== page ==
A letter to the Gazette on 15 October 1917, by “DJM”, Donald J Macleod, Inspector of Schools (not DJ Maciver as previously indicated.)
‘Neiseach’ [from a previous correspondence] maintains there are no pre-Norse Celtic remains in our island. That is not so, I may be able, in a limited way to illustrate at first hand. In 1915, I was fortunate enough, with the aid of a friend, to recover certain articles of antiquarian interest from a Viking grave at Valtos, Uig. These included two large oval Scandinavian brooches of brass, a connecting chain of the same metal, an amber bead, a fairly large heavy circular bronze ornament with raised centre and surface decorated with incised looped cords characteristically Celtic, a Celtic penannular brooch of bronze, a buckle and belt mounting also of bronze, with what Mr Curle, of the Scottish Museum, to which they were sent for expert examination, termed “double interlaced knotwork typical of the Celtic manuscripts of the best period. Also an iron knife and socket spear-head much corroded. A full description, with figured plates, will be found in the last volume of the Transactions of the Scottish Antiquities Society. It will be noted that all (and only) the bronze articles are indubitably Celtic. Mr Curle places the state of the burial about 850, and the fashioning of the ornaments at a very much earlier date. Of course, if may be suggested that they were the spoils of a Viking raid in Ireland, but the much more probably explanation is that these ornaments were secured from some Lewis source, probably a native family of distinction. In any case they are remains of an early age, found in Lewis, and as Celtic as any ever discovered from Cape Clear to the Butt.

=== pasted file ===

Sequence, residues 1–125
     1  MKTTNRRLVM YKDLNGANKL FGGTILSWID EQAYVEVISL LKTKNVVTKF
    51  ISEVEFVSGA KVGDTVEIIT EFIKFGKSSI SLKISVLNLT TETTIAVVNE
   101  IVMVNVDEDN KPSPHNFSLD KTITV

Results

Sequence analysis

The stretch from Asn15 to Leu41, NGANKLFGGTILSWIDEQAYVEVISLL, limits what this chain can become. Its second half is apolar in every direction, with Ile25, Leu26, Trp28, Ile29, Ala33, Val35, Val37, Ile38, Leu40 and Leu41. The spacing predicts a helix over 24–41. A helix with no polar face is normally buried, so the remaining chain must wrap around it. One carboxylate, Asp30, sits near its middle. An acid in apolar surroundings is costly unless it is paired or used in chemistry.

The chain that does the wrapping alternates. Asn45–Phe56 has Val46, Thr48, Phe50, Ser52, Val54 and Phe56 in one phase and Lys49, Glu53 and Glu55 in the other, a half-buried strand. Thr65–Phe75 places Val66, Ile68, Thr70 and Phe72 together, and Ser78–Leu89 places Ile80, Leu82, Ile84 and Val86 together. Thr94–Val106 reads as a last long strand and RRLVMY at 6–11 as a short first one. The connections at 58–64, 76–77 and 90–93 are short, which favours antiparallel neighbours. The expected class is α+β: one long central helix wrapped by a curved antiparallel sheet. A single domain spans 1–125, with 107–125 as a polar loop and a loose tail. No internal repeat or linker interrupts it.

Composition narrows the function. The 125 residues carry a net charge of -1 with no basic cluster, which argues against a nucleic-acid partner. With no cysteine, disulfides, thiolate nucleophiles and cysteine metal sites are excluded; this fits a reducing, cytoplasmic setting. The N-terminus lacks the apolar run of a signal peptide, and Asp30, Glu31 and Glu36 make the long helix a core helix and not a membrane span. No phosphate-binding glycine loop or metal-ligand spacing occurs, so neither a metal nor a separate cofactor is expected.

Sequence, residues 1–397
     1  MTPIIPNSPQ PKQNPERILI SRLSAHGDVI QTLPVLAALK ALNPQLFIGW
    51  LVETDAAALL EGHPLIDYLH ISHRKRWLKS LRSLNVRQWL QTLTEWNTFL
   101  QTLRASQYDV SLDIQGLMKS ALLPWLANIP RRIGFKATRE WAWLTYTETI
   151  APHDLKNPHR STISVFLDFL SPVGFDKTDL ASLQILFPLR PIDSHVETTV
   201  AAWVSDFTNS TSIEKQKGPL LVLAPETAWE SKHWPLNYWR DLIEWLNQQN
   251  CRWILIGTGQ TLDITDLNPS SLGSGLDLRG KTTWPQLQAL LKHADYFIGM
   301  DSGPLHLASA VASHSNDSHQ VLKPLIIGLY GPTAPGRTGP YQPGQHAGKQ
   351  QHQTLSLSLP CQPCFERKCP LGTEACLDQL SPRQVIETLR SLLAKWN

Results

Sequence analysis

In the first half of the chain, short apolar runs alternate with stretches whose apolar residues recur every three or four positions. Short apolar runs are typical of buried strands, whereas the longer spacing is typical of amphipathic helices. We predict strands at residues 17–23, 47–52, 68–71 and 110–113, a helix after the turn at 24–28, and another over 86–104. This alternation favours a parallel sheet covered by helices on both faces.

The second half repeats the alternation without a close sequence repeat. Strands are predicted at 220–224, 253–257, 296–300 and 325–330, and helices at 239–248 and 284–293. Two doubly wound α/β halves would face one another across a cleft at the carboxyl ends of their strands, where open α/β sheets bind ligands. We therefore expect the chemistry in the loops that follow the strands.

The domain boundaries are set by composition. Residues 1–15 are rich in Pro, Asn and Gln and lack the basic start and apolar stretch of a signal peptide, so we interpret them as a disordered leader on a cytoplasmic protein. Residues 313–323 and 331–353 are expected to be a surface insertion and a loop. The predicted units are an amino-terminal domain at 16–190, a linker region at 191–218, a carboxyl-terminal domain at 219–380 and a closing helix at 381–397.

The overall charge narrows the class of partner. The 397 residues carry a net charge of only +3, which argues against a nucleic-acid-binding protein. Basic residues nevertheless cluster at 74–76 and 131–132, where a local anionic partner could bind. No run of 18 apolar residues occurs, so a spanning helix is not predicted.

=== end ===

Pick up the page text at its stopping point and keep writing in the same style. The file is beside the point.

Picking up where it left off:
From Rev William Matheson, Mac Gille Chaluim, in his Families of Lewis series in the Stornoway Gazette:
Most West Highland clans have to go back some seven hundred years to find their eponymous ancestor. If the Macaulays of Lewis conform to this pattern, we should look for the original Olafr or Aulay about the beginning of the thirteenth century, when the Hebrides were still under Norse domination; and it is a fact, as we know from the Chronicle of Man, that one so called had close connections with Lewis at that time – no less a person than Olaf the Black, who in later years was to become King of Man and the Isles. It is not therefore surprising that Dr George Mackenzie who was doubtless acquainted with the Chronicle of Man as abridged by Camden, makes Olaf the ancestor of the clan.
It is possible that Olaf the Black left descendants in Lewis, but there is no real evidence on the point. There was a tradition among the Macaulays in Uig that they were descended from Magnus, King of Norway, while in Lord Macaulay’s [Thomas Babington Macaulay, 1800-1859, historian and politician] family a similar tradition gave the name as “Olaus Magnus, King of Norway”. The occurrence of the name Magnus may be of significance, for Olaf the Black did, in fact, have a son so called.